So, these are really important provisions and I think it’s important that we don’t just have a load of targets or indicators that don’t really mean very much. I think it’s really important that they’re meaningful. So, we’re aiming, again, to strike a balance. So, if you have one distinct target and an indicator for each objective—. We want to strike a balance between scrutiny whilst ensuring that monitoring and reporting processes are relevant, they’re accurate and they’re useful, so that that will advise us then on future policy decisions and obviously future support that will be required. So, I think if you have—each and every action having a corresponding indicator and target could quickly make that progress very unwieldy. I think, as I say, if you have a load of targets, they just would become meaningless, really.


Okay. And how will the support scheme uphold resilience in the agri-food sector to ensure that it can absorb and respond to shocks such as climate change, war, poverty and financial instability? And how does this Bill ensure food security overall as well?

So, I think you’re right to talk about the support scheme. Obviously, we announced the outline details of that ahead of the Royal Welsh Show, because we know that the two go hand in hand. Future generations of farmers are going to be farming in much more difficult conditions. We’ve seen the impact of climate change this year, haven’t we, with the heatwave and drought. So, I think what we need to do now is respond to those climate and nature emergencies to make sure that we make the sector as resilient as possible for those future generations. And, for me, those two emergencies pose real challenges for our farming sector.

What the proposed scheme has set out is that we will support sustainable farming practices. So, others have mentioned sustainable food production already. It’s really important that we work in partnership with our farmers in order to support them in the correct way and pay them for actions that obviously will carry a lot of outcomes, a lot of environmental outcomes. They’ll deliver benefits to the farm business as well as the environment, as well as animal health and welfare, for instance, and that will be in line with our sustainable land management objectives that are set out in the Bill.

If you think about it, a lot of the things that we will be asking farmers to do, they’re already doing. And they’re not getting rewarded for them at the current time with the basic payment scheme. So, again, that’s a message I think that’s come out very strongly over the last six years that we’ve been designing this Bill. We also want them to undertake actions that’ll help reduce their business costs, because, clearly, there's the cost-of-living crisis, and we’ve all heard about farm inflation running at 30 per cent at the moment.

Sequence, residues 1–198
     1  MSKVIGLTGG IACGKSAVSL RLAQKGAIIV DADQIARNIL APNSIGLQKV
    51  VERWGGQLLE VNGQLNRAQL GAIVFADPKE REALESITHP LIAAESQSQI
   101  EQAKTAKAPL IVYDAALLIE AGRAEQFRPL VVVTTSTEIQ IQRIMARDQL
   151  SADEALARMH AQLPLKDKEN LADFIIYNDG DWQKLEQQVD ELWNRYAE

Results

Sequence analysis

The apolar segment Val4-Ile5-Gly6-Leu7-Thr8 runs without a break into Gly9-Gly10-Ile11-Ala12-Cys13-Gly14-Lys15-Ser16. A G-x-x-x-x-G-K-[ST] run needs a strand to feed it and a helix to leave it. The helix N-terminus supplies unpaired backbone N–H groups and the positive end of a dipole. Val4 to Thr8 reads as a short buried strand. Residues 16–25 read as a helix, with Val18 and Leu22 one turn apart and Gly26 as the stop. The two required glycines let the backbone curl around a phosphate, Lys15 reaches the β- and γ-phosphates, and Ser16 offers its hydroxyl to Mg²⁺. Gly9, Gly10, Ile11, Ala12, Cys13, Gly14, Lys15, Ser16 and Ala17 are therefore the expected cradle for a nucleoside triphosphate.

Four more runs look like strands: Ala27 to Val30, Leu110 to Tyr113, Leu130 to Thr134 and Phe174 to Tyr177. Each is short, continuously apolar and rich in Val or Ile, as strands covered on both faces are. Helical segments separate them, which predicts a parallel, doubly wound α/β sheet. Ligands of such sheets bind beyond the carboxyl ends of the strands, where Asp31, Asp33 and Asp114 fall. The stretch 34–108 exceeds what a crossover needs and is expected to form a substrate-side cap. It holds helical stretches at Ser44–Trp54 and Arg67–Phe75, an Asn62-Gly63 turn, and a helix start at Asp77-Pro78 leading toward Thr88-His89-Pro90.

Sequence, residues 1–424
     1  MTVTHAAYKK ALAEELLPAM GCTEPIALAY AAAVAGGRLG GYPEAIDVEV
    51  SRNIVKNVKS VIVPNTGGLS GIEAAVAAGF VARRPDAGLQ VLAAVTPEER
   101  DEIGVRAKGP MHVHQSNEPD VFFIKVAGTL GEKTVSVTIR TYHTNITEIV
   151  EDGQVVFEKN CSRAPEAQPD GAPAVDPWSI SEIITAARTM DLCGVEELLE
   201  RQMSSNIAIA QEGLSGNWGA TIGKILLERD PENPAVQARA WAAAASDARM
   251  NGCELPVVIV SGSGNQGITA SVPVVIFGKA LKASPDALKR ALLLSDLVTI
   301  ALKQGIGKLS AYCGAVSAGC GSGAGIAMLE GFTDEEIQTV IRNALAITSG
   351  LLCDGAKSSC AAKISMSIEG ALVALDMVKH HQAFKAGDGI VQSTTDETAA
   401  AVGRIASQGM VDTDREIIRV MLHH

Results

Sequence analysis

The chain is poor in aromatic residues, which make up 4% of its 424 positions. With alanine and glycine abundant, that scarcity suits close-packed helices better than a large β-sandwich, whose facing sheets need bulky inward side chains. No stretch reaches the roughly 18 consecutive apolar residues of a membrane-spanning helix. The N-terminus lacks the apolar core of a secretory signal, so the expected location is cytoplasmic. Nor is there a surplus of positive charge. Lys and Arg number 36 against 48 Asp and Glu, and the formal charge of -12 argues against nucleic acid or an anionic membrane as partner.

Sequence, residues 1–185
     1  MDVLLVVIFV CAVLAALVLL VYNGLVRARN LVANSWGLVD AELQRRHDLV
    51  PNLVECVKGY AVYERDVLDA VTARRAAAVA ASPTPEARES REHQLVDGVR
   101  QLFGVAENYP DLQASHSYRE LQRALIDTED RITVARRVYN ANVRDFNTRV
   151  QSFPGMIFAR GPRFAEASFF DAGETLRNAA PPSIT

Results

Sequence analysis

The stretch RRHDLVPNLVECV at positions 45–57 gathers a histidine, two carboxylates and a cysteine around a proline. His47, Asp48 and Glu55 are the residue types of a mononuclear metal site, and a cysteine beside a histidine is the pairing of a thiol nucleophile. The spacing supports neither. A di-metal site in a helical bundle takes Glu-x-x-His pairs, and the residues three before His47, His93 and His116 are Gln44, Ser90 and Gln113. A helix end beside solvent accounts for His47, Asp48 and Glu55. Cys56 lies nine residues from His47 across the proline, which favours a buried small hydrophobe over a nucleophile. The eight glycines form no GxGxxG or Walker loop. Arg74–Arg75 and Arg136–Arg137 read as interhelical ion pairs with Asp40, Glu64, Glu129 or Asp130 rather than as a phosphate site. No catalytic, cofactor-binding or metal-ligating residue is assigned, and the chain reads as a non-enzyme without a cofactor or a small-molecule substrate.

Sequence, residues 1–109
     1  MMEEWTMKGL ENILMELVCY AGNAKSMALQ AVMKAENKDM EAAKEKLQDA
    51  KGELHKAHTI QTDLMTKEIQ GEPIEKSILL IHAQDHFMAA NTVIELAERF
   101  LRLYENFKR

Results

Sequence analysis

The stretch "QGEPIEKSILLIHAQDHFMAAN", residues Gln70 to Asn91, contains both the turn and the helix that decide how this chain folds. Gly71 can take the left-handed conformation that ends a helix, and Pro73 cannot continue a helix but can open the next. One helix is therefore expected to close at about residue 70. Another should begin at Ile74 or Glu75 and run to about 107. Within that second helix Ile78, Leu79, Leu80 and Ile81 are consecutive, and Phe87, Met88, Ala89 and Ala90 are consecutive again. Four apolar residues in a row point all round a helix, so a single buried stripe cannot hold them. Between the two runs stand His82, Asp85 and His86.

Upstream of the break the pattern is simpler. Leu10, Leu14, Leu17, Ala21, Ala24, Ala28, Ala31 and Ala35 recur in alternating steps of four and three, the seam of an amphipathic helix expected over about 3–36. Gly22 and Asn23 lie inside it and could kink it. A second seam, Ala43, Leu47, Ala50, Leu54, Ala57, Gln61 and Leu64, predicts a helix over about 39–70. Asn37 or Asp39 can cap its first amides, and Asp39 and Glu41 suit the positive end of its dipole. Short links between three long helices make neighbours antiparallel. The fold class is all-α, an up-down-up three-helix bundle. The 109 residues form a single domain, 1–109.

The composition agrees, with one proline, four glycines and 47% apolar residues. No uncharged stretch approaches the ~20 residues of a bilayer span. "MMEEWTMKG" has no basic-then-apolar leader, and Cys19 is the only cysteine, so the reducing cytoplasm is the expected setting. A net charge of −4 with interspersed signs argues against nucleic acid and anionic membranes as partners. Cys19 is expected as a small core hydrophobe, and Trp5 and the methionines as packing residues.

So, what we’ve done is we’ve proposed things like soil testing, because we think, obviously, that will help inform more efficient use of fertilisers, for instance, so that will help them reduce their costs. So, again, I think one of the conversations we’ve been having is, 'If you invest now in your soil and your habitats et cetera, that will really build up that resilience for shocks that do come.' We’ve seen, haven’t we, how many shocks we’ve had just over the last couple of years.

And can you tell us how does your approach to agricultural support differ to other UK nations, and indeed other European countries? And what are the implications of any divergence with regards to this particular Bill?

So, I think we’ve always said, as you know—you’ll have heard me say it many times before—we meet as four agricultural Ministers regularly. We haven’t met, unfortunately, since the Royal Welsh Show. We were due to meet, I think, during the mourning period. So, that is something that we will do later this month. I think we’ve always said that, once we left the European Union, we would each have a bespoke agricultural policy for our own countries that probably, at the end of the day, wouldn’t differ much. So, it’s been really interesting—over the course of all the inter-ministerial group meetings, we’ve all done a presentation on what we’re bringing forward. So, I think for me—and you’d expect me to say this—we’re leading the way here in relation to the sustainable land management framework for our Bill and obviously our sustainable farming scheme. But there is a common direction of travel, I would say, across all the UK countries and also the EU. I was talking to an official a couple of weeks ago, and they were saying, obviously, the common agricultural policy is being looked at by the EU now and, again, it is following the direction of travel that we have.